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I know that in the linux kernel we can add our own protocol at the transport layer, similar to TCP, UDP etc.

Are there any hooks to register a new protocol, at the network layer, similar to IP, ARP, which could transfer the packets to the application and how to add this protocol in the linux kernel?

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1  
You need add them to the kernel. Better as a module than a patch. –  Pavel Ognev Dec 7 '12 at 9:14
    
@PavelOgnev could u please suggest some documents how to do this...i know modules. –  akp Dec 7 '12 at 9:25
    
Note: you may also use raw sockets to assess directly to ethernet frames from userspace. –  hate-engine Dec 7 '12 at 15:01

2 Answers 2

up vote 13 down vote accepted

You will need to register your protocol with the sockets API to handle communication from userspace to your protocol.
Have a look at the bluetooth/RFCOM socket implementation for relevant code samples.

static const struct proto_ops rfcomm_sock_ops = {
     .family         = PF_BLUETOOTH,
     .owner          = THIS_MODULE,
     .bind           = rfcomm_sock_bind,
     .connect        = rfcomm_sock_connect,
     .listen         = rfcomm_sock_listen,
     .
     .
     .
     .accept         = rfcomm_sock_accept,

};

static const struct net_proto_family rfcomm_sock_family_ops = {
     .family         = PF_BLUETOOTH,
     .owner          = THIS_MODULE,
     .create         = rfcomm_sock_create
};

To register a protocol you will have to fill the proto_ops structure. This structure follows the object oriented pattern observed elsewhere inside the kernel. This structure defines an interface to follow for developers implementing their own socket interface.

Implement the functions the interface defines such as bind, connect, listen, and assign the function pointer to the structure entry. Define ioctl's for functionality not covered by the operations interface.

You end up with a structure that later you embed at the socket struct we return from the create function.

Struct net_proto_family defines a new protocol family. This structure includes the create function where your function implementation should populate a socket struct filled with the proto_ops struct.

After that register the family with sock_register, and if everything is ok you should be able to create a proper socket from userspace.

Internally the protocol should probably use skbuffs[1],[2],[3](pdf). to communicate with the networking devices.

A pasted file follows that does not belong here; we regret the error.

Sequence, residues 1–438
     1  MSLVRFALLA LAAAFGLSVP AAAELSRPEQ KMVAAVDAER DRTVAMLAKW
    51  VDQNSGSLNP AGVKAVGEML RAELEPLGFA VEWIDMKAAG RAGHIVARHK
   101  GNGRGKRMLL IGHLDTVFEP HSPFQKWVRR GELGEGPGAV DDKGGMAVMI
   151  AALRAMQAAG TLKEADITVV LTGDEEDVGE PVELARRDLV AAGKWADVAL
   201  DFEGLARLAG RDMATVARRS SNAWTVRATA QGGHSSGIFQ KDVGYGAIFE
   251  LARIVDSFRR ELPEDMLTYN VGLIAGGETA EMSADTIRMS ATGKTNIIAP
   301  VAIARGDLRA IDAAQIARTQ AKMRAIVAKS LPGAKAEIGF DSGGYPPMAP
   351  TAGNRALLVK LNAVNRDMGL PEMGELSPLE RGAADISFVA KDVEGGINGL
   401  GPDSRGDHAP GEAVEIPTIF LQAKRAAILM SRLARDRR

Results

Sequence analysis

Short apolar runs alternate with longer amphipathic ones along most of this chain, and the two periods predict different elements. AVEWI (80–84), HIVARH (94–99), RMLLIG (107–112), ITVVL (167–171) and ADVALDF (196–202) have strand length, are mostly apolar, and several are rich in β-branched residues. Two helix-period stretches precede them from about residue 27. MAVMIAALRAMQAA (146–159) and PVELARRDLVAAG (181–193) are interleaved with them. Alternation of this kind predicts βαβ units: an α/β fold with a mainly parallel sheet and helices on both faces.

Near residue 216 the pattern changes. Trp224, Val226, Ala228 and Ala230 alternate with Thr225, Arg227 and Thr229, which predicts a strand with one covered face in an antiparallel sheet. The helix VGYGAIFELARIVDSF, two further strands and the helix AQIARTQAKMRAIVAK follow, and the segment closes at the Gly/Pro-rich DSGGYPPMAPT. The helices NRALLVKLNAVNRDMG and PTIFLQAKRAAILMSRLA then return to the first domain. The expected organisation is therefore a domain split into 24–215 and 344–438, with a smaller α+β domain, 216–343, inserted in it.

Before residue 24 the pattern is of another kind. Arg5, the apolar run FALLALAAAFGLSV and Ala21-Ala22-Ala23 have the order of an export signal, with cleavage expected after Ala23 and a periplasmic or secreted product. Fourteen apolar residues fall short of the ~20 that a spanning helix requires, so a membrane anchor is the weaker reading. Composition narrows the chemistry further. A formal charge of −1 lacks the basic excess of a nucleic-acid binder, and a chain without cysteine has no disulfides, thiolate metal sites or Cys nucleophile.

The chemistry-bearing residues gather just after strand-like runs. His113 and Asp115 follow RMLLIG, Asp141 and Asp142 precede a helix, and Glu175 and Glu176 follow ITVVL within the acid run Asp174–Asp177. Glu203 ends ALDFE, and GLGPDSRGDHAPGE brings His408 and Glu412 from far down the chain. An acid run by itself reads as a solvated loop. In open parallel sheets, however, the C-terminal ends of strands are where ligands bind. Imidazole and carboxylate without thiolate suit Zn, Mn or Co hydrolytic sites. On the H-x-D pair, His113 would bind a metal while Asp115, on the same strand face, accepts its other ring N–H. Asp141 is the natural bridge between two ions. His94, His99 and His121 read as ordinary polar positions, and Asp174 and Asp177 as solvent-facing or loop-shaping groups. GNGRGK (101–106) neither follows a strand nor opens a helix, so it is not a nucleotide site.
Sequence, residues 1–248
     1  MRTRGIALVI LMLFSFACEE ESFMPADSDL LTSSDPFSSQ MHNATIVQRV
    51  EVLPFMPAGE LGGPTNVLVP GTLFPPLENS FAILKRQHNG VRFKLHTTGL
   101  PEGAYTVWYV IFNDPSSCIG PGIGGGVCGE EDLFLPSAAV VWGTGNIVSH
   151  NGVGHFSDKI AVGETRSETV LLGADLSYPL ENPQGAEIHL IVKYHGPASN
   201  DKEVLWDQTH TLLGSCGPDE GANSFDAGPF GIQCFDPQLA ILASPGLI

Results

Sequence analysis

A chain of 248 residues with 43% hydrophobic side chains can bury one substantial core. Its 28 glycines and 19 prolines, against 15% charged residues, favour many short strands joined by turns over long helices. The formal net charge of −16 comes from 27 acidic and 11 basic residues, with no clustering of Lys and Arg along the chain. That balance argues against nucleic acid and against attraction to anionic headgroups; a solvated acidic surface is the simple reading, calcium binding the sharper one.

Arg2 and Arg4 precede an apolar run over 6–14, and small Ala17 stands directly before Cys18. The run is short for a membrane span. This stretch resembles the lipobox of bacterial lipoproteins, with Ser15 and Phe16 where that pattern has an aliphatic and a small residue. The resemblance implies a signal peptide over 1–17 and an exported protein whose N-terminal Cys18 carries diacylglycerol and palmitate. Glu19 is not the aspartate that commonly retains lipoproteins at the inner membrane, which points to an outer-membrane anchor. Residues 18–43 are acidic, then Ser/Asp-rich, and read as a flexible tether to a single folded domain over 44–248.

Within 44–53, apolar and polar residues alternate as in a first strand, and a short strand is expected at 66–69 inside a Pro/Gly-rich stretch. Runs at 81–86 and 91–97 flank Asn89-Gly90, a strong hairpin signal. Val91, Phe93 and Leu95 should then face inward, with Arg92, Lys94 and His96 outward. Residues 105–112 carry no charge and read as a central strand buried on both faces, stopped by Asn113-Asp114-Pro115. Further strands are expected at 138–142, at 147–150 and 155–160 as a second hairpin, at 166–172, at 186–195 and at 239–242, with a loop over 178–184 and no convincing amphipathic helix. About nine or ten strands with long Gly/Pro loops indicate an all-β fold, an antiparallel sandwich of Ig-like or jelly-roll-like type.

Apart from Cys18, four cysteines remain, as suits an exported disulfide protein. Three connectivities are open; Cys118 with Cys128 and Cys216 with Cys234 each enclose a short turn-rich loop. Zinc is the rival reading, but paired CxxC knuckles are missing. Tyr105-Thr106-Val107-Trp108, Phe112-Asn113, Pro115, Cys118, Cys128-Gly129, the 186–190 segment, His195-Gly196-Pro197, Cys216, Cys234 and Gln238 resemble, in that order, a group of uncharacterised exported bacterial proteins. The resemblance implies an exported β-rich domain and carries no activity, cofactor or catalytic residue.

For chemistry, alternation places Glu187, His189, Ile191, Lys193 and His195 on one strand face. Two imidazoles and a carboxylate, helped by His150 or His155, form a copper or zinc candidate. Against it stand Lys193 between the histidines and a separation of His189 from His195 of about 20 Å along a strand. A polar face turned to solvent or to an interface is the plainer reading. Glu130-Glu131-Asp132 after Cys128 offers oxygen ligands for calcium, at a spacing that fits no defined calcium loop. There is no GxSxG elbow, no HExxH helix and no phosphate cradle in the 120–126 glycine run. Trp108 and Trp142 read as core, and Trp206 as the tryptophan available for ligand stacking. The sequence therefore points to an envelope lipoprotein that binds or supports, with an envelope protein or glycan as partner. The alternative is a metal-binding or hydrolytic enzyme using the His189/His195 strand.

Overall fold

skbuffs are the universal way of handling network packets in the linux kernel. The packets are received by the network card, put into some skbuffs and then passed to the network stack, which uses the skbuff all the time.

This is the basic data structure and io path to implement a networking protocol inside the linux kernel.

I am not aware of a document that describes this procedure from start to finish. The source is with you on this one.

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To implement the protocol, write a kernel module.

The module should create a new device in /dev. The application can then use ioctl() to talk to your module to specify things like target host, options, etc.

See Chapter 7 of The Linux Kernel Module Programming Guide for details how to implement ioctl() in a kernel module.

This blog post also seems like a good introduction to the topic.

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but main problem is how the NIC driver will be able to transfer the packets to this module.... i mean where & how new_protocol is registered.? –  akp Dec 7 '12 at 9:31
    
I'm not sure but I don't think that is implemented anywhere. The NIC has no idea what "protocol" might mean. As long as the data has correct IP headers, it doesn't care for the payload. Take NETBIOS, for example. The whole protocol is implemented in user code (see the Samba project). –  Aaron Digulla Dec 7 '12 at 10:15
    
@AaronDigulla: surely if this new protocol is at the network layer, then the data won't have correct IP headers, because the protocol is intended to replace IP. I'm not really familiar with this stuff, but part of the question might be, "what interface does a NIC provide to the OSI data layer on Linux?". NetBIOS typically operates at the session layer (at least, according to Wikipedia). –  Steve Jessop Dec 7 '12 at 11:07
    
@SteveJessop: Yes, you're right. I think todays network cards require a MAC header; the rest of the payload can be anything. –  Aaron Digulla Dec 7 '12 at 13:01

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